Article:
Suppressing thoughts of past events: Are repressive copers good suppressors?

Amanda J. Barnier*, Kirsty Levin, Alena Maher

*Corresponding author for this work

Research output: Contribution to journalArticlepeer-review

40 Citations (Scopus)

Abstract

We investigated the ability of individuals with a "repressive coping style" to strategically control thoughts of events from their past, which made them feel either proud or embarrassed, within the thought suppression paradigm. We examined whether (low) anxiety and (high) defensiveness interacts to influence suppression success over and above anxiety and defensiveness alone using low anxious, repressor, high anxious, and defensive high anxious groups. For the emotionally positive "proud event", all groups avoided event-related thoughts when instructed to suppress. For the emotionally negative "embarrassed event", repressors reported fewer event-related thoughts than all other groups, even when not instructed to suppress. Repressors also reported the lowest level of suppression effort and showed no " rebound". We discuss repressors' memory performance in terms of their natural tendency to avoid negative self-referent material, and thought and memory control in everyday life.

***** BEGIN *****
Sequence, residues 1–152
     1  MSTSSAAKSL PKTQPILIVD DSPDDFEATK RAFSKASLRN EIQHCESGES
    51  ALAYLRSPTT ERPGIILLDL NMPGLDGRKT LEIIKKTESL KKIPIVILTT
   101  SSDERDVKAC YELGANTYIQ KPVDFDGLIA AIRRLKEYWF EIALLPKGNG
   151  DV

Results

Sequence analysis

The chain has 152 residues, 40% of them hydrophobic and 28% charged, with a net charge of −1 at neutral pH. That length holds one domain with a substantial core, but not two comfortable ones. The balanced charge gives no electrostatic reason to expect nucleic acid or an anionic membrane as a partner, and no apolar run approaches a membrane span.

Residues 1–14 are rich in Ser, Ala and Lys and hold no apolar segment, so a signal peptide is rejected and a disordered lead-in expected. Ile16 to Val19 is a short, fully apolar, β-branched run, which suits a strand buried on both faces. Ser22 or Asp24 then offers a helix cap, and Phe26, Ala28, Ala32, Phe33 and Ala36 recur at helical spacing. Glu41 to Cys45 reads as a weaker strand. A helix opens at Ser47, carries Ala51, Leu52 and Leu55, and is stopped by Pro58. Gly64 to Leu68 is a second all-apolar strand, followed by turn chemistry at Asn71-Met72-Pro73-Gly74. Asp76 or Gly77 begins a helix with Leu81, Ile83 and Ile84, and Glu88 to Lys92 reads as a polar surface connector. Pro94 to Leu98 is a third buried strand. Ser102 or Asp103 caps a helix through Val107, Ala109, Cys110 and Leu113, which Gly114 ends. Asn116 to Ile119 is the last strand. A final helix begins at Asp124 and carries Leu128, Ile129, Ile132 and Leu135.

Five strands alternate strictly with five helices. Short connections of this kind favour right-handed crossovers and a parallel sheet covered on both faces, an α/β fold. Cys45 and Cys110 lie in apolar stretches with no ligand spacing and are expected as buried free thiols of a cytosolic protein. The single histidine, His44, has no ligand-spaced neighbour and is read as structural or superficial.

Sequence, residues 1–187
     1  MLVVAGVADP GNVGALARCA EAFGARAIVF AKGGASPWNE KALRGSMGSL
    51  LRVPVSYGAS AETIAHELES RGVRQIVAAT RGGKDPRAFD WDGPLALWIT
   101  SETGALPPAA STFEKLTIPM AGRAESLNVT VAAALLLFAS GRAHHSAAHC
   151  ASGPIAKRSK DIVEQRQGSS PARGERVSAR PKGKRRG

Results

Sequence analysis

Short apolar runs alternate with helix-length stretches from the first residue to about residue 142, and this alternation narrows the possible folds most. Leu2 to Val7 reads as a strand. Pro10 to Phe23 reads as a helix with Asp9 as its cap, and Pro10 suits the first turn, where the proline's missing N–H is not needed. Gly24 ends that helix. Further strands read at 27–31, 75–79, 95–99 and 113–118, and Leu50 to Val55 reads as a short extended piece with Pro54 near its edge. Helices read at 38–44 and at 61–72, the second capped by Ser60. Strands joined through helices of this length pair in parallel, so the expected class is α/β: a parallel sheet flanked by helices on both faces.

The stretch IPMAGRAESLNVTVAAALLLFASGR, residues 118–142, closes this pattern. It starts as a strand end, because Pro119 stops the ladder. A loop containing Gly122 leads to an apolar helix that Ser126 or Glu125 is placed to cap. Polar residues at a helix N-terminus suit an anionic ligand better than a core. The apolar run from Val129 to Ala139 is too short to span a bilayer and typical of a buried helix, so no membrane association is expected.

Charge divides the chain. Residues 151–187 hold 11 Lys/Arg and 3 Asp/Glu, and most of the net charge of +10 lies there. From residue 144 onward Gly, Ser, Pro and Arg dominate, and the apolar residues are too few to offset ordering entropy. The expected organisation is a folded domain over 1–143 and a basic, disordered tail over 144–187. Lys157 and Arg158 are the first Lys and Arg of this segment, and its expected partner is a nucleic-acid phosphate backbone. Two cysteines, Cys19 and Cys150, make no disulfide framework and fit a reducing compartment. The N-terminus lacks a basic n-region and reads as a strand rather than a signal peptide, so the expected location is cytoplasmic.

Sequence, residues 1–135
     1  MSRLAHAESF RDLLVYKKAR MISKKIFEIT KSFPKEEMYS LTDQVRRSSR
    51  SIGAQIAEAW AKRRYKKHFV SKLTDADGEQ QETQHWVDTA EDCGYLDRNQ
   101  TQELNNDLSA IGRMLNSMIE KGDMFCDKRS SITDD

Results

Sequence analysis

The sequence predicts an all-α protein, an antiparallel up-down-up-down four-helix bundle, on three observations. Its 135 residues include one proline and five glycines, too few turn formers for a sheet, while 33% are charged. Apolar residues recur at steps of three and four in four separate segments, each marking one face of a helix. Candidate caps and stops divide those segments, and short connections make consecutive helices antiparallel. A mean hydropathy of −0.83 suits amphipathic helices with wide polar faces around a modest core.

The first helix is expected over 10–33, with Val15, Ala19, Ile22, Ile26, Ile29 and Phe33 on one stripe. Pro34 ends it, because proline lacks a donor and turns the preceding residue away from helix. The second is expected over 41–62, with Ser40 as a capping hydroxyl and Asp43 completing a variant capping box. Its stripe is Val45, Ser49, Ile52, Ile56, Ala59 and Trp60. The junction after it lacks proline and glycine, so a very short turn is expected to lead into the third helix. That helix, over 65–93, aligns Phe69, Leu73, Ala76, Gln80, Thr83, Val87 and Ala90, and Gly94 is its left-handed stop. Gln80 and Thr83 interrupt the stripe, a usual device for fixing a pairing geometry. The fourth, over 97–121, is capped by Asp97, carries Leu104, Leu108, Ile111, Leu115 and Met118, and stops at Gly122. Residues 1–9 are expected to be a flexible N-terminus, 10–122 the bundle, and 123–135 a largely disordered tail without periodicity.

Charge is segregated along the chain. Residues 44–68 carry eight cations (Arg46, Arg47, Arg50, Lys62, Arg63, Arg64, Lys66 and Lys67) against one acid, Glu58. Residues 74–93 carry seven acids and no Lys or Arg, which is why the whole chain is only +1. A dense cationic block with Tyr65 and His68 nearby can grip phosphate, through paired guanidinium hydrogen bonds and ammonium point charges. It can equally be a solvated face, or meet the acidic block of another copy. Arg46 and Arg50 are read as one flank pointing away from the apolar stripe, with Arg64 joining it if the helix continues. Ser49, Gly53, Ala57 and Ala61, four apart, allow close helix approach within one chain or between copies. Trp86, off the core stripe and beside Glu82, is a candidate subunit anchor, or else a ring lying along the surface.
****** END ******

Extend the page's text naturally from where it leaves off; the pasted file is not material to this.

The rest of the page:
Original languageEnglish
Pages (from-to)513-531
Number of pages19
JournalCognition and Emotion
Volume18
Issue number4
DOIs
Publication statusPublished - Jun 2004
Externally publishedYes

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